Traditions and holidays

No business is conducted in Asia across the Lunar New Year which usually falls in either January or February.  It is a public holiday in many places with ethnic Chinese populations such as Taiwan, Singapore and Malaysia.  Business is usually very slow in the lead up towards the week long holiday and can remain slow for a few weeks afterwards so be prepared for a lengthy wait if you need a reply to your e-mail or an answer to your event enquiry.  In addition, state media quote that approximately 3 billion passenger trips will be made by plane, train or car over the 40 day period so be prepared for expensive and hectic journeys if travelling during this time. Besides New Year, try to avoid two other major Chinese holiday periods. Labor Day starts a week-long holiday beginning May 1 and the other, is the week-long National Day celebration from October 1-7.  However, unlike Chinese New Year, business is still conducted right up to and just after these two holidays.

Organising your event

Exhibiting in Asia, as you might come to expect, is a different process to that when exhibiting elsewhere in the world.  While considering all other points in this blog, it is also necessary to consider the planning and organisational differences you may face in organising or attending an event.  To support your planning process, a local partner can help you to understand the multitude of national holidays and help in the sometimes difficult process of translation.  Planning ahead will ensure that all of your important deadlines are met – you may find yourself to-ing and fro-ing quite regularly in your search for what may seem like simple answers.  Overall, Asia is a fantastic and exciting place within which to exhibit and can be entirely fruitful for your business however planning ahead and considering the points within this blog can go some way to alleviate some of the hiccups you may potentially face on the way.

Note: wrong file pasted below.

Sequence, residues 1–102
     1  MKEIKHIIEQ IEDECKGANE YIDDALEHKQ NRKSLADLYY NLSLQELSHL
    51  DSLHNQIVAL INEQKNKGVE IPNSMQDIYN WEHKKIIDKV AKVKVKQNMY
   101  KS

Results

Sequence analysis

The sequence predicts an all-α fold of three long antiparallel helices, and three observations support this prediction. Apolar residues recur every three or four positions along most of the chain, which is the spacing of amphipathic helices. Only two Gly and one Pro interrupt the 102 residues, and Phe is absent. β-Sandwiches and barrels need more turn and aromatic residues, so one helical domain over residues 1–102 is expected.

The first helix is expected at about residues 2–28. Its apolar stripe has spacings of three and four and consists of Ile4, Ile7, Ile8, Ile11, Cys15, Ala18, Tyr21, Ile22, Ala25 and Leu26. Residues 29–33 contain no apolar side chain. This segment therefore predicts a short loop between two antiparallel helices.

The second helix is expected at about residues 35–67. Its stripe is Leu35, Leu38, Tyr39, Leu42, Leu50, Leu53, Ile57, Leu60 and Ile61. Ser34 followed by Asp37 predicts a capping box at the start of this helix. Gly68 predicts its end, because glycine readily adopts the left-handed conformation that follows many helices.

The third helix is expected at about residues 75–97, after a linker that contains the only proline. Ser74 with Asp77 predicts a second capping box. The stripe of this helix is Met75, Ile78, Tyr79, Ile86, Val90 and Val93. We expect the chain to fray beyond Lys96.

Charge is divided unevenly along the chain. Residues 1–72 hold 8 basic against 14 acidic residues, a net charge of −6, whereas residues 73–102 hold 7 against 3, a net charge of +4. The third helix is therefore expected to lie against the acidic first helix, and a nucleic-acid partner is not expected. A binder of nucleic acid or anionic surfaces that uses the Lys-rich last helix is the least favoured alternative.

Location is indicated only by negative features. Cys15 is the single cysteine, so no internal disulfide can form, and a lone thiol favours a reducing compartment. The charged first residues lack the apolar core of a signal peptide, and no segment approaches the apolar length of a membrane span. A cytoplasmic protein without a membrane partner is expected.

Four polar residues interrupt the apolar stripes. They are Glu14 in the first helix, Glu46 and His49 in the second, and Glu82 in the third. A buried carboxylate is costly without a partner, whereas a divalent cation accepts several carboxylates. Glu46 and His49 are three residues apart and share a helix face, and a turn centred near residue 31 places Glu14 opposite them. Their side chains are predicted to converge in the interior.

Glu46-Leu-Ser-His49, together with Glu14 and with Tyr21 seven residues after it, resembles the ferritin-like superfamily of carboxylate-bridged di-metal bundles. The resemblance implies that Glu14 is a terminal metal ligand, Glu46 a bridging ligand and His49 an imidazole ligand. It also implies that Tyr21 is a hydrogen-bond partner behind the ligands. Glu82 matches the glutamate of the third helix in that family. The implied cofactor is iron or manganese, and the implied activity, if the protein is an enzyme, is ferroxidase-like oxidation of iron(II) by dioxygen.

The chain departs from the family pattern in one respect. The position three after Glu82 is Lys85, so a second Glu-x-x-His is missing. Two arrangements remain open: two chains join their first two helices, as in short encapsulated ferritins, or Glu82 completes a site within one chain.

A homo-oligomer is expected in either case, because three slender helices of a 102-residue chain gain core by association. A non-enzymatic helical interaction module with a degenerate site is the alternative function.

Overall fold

The great firewall of China

If visiting China, it is important to remember that any content going either in or out of the country via the internet is closely monitored by what is commonly known as, ‘The Great Firewall’, called so because of its close surveillance and censorship of China’s internet.  If exhibiting in China, The Great Firewall will affect the manner by which you do business in several different ways. Your emails can be blocked if they contain content which the firewall doesn’t like.  Equally, websites are scanned by the firewall which can considerably slow down the speed at which they load.  Bear in mind that social media sites including Facebook, Twitter and Instagram are unavailable in China so any event marketing you implement will need to suit the area within which you are exhibiting.  Instead, you should perhaps investigate sites such as Renren, Youku and Sina Weibo which replace the social media sites we would use more regularly in Europe and the US.

On-site social sharing